Daily prompt: The alternative to Fotherington-Thomas

Write a post entirely in the present tense

I’m sitting here regarding the day, about to blister your socks off with the sheer excitement of it all.

But then I’m thinking that rather than drown you in the irreversible tedium of watching me skip about like Fotherington-Thomas saying ‘hello clouds, hello sky’ (if you haven’t read Down with Skool, don’t worry, it’s not important), I’ll throw in a piece of present-tense fiction which at least has the virtue of novelty, given I usually burble on with at least a nod to reality.


“Your childhood, Alison,” he murmurs. “Holidays. Start there.” He leans back, a small man with a large stomach on which he rests delicate white hands, like mouse paws. The executive chair tilts and swivels, propelled, she thinks, by the very tips of his tippy toes in polished shoes that barely reach the floor. She feels a snigger rising.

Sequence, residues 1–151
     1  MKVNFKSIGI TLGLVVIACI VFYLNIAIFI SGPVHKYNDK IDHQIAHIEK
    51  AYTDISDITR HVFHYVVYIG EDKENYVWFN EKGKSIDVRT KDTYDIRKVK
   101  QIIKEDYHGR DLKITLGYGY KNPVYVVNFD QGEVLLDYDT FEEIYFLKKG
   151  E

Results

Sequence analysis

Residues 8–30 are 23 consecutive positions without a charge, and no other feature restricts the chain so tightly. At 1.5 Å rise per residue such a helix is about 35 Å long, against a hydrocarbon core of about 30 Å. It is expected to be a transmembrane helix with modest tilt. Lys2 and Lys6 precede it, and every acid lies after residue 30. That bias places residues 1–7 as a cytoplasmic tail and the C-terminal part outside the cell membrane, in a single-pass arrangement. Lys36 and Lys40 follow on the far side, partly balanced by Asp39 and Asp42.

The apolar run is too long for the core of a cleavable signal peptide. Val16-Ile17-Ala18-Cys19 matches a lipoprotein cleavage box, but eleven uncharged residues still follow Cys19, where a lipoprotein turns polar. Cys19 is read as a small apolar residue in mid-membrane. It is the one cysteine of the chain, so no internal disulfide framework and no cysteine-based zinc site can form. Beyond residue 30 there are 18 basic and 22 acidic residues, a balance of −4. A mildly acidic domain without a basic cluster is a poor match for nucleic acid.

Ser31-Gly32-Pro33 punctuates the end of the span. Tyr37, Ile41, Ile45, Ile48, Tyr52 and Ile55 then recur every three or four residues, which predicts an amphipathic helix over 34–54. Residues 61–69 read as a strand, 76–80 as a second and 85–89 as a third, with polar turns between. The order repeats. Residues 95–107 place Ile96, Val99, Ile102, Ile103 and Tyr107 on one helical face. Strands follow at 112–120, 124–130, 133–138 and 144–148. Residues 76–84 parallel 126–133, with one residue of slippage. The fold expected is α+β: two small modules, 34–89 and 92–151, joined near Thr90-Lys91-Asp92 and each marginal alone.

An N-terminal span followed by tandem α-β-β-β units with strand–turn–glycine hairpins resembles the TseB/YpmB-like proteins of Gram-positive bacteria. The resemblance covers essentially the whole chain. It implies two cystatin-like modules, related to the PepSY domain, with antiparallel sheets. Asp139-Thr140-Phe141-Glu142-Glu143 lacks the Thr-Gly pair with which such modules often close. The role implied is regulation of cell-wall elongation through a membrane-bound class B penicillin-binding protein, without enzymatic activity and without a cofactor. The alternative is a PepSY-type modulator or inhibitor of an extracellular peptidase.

“Holidays, Alison,” he says again. “Tell me about those.” And she sighs and closes her eyes, the snigger drowned in a wave of weariness.

When I was down beside the sea A wooden spade they gave to me…” Holidays at Noosa. At least there’s an association there, and the childhood singsong is strangely soothing. She’s thought of Twinkle twinkle and Baa baa black sheep in the past, but the possible implications in those loom like buzzards. The spade wasn’t wooden, of course. It was plastic, blue, and her little brother broke it on the first day, but at least she’s come up with something vaguely relevant.

“And?” he prompts. His voice intrudes like a nail on slate. “I can’t help unless you talk to me.”

Unless. How she hates that word! So many unlesses, scattered like stepping stones across the boggy marsh of life’s lessons. Unless you eat your spinach; unless you behave; unless you try harder… And now the big one: the stumbling block in her marriage to Oliver. Were they cumulative, those unlesses?

She opens her eyes. “Would it have helped if I’d eaten my spinach?”

The chair stops with a jolt on a sideways swing and inches its way back. His head doesn’t quite reach the headrest. His eyes have widened.

“I beg your pardon?”

“Spinach. If I’d eaten it without a fuss, so there was one less unless…” Her voice trails away and he blinks, slowly.

“And you feel…spinach…”

“No of course not.” When would she ever learn! “It was just… I was thinking…” She imagines his dainty salivation over the wanderings of her untidy mind and stops, too daunted to persevere.